The EPA has released their annual accomplishment report for fiscal year 2019 and Iowa has two sites mentioned in the report.
The Superfund Annual Accomplishment Report summarizes the work the EPA has done to clean up contaminated sites on the National Priorities List (NPL). The report also details the efforts being taken to improve the Superfund program based on recommendations made by the Superfund Task Force. In FY 2019, the EPA fully deleted 12 sites and partially deleted 15 sites across the country. There were 6 less deleted sites and 11 more partially deleted sites in 2019 over 2018.
Iowa saw two Superfund sites deleted from the NPL in 2019, one completely deleted, and the other only partially deleted. The Electro Coating Inc. site in Cedar Rapids was deleted, making it the first Superfund site in Iowa to be closed since 2005, while the Shaw Avenue Dump site in Charles City was partially closed. A partial closure means that some portions of the site still require clean up, while other portions are no longer a hazard to human health.
Superfund is the informal name for the Comprehensive Environmental Response, Compensation and Liability Act (CERCLA) passed in 1980. CERCLA allows the EPA to clean up contaminated sites across the country and to engage those responsible for the contamination. Since CERCLA was passed, 424 sites have been removed from the list out of 1335 sites total.
The Iowa Department of Natural Resources (DNR) decided to follow stricter standards this summer for the amount of toxins found in the water at public beaches.
Microcystin is a toxin produced by cyanobacteria in algae blooms in Iowa’s lakes. It poses health threats to humans and animals that swim at beaches with high levels of the toxin and can cause abdominal pain, blistering, pneumonia and vomiting if ingested. Dogs have also died from being exposed to it, according to an Iowa Environmental Council news release.
In 2006, Iowa DNR began using a threshold of 20 micrograms per liter to issue beach advisories. However, they decided to lower it to 8 micrograms per litre this year after the Environmental Protection Agency (EPA) recommended it.
The DNR currently monitors only a small percentage of Iowa’s recreational beaches, but they were able to issue a number of advisories and temporarily close beaches on Lake Macbride, Spirit Lake and Lake Rathbun last year when microcystin levels exceeded the threshold. The number of advisories issued this year is likely to be much higher than past years under the new guidelines.
The Center for Biological Diversity issued a press release on May 28 announcing a lawsuit against the EPA for delaying the reduction of sulfur dioxide air pollution in a number of communities.
Areas of Missouri, Louisiana, Indiana, Puerto Rico and Guam were included in the lawsuit issued by the Center for Biological Diversity, the Center for Environmental Health and the Sierra Club. The cities and counties listed in the lawsuit are being exposed to dangerous levels of sulfur dioxide, an air pollutant produced by the extraction and burning of fossil fuels.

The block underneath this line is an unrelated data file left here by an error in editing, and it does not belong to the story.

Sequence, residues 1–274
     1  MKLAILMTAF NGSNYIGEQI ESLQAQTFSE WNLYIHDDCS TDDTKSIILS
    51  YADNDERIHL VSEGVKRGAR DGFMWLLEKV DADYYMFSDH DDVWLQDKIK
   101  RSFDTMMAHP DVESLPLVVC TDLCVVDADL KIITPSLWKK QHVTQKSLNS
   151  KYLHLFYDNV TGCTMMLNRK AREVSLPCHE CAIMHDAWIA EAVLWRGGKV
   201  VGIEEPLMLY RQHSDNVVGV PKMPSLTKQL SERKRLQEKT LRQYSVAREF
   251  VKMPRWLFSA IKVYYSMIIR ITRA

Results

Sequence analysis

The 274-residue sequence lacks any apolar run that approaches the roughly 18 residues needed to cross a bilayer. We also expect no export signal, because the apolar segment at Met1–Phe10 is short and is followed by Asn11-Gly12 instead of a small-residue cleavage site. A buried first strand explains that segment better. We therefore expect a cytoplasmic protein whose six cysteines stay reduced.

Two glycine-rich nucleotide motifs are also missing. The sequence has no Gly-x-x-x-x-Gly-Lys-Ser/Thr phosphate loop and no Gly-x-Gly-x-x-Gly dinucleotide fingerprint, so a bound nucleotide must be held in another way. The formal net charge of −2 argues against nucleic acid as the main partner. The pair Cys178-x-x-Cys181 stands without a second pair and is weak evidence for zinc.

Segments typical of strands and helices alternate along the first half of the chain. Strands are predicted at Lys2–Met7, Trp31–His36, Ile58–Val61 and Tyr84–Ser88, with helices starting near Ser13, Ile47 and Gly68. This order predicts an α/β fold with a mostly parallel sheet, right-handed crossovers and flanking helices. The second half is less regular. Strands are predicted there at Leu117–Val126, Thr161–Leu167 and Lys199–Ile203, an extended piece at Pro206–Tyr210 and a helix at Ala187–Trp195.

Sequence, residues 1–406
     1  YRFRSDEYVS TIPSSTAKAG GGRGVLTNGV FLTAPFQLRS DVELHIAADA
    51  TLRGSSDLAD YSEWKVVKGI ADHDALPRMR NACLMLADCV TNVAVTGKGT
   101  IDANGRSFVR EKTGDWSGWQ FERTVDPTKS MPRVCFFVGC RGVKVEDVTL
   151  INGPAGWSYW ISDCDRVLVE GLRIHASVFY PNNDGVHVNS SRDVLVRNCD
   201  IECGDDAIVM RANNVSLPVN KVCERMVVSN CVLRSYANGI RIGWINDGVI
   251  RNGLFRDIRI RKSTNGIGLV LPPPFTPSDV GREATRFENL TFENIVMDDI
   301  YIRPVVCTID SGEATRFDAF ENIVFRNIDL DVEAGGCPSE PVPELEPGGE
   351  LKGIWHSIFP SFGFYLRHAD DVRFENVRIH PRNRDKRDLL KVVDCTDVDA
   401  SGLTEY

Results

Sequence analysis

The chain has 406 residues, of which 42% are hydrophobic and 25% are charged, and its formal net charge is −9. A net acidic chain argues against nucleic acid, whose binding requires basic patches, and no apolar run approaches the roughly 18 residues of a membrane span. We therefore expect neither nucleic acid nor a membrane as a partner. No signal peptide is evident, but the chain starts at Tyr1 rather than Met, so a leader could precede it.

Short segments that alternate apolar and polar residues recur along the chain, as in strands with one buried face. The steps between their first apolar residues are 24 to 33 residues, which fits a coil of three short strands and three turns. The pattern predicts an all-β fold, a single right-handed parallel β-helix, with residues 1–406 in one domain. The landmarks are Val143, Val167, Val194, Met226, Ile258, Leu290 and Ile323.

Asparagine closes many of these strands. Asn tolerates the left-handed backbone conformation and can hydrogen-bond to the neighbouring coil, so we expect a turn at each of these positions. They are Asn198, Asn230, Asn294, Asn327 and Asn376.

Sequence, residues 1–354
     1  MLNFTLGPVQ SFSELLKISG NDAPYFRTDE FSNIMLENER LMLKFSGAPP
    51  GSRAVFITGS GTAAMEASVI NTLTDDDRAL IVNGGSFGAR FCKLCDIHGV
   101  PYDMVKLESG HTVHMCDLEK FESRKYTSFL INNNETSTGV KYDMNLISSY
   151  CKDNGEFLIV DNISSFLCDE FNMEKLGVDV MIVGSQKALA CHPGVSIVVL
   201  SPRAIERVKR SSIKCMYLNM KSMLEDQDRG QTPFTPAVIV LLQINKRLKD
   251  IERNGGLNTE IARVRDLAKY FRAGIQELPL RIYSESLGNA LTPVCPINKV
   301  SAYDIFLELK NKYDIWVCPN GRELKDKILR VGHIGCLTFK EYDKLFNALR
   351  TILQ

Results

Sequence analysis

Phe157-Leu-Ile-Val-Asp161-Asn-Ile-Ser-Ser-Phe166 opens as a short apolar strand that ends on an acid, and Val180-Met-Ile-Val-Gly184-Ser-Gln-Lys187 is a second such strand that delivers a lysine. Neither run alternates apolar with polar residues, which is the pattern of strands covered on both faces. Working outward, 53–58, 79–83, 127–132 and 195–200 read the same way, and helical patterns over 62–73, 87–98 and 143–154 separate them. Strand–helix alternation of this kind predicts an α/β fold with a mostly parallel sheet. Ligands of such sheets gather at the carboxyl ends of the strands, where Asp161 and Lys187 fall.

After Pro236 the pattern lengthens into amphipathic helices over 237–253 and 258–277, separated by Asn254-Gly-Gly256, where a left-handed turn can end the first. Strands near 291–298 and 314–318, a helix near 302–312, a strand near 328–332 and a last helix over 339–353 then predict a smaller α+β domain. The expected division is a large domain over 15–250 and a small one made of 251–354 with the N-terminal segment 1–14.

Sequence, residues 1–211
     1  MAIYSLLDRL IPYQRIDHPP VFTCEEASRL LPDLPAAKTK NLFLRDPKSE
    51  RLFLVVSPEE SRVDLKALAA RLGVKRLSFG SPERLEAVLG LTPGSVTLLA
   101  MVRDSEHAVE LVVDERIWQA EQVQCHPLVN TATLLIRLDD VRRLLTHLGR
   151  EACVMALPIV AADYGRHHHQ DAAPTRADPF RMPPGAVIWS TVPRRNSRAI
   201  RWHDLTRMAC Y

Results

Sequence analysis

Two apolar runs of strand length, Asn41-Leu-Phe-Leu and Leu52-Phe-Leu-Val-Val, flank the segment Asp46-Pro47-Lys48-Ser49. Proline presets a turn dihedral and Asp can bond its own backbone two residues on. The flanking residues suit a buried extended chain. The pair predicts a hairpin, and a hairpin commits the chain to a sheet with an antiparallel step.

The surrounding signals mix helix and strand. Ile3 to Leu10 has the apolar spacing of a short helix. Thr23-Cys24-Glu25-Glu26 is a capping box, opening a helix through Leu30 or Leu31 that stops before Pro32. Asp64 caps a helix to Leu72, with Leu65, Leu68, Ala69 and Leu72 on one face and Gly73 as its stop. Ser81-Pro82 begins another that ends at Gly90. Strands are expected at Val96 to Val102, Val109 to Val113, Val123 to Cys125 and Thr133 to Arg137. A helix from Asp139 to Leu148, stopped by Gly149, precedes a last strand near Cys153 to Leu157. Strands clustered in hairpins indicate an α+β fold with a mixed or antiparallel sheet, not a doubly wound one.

The Clean Air Act requires the EPA by law to set air quality standards, determine when and where air pollution exceeds the national limit, and ensure that plans are in place to clean up that pollution by a set deadline. In the current affected areas, the EPA has missed these deadlines by anywhere from two months to over four years.
The EPA has already determined that exposure to high levels of sulfur dioxide air pollution can lead to health problems in humans and trigger ecological harm. The people in the areas listed are currently at a higher risk of heart and lung disease, asthma and contracting COVID-19 due to constant exposure to the pollution. Sulfur dioxide pollution also contributes to acid rain and damages lakes, rivers and entire ecosystems.
Young children and the elderly are more vulnerable and at a higher risk, and the problem is made worse by the fact that the areas in the lawsuit include large minority and indigenous populations that are being disproportionately affected by COVID-19 and air pollution.
A new informational series has been released by the Global Heat Health Information Network (GHHIN), with input from experts around the world such as CGRER member Professor Gregory Carmichael, to inform decision makers on how to best address high heat events during the COVID-19 pandemic.
The series covers a diverse range of topics and highlights current issues facing healthcare workers, as well as individuals who might be facing COVID-19. Global experts address challenges such as how best to mitigate the influence wearing Personal Protective Equipment (PPE) has on how hot workers become, and how vulnerable populations can work to protect themselves from the combined risk COVID-19 and high heat present.
Hot weather is a pressing risk during the pandemic because it can result in a worsening of COVID-19 health outcomes. As temperatures rise over the summer, communities will need to face the challenges both high heat events and the COVID-19 pandemic introduce. The information provided by the GHHIN hopes to better inform essential decision makers, so that they will have a well researched, scientific reasoning for difficult decisions.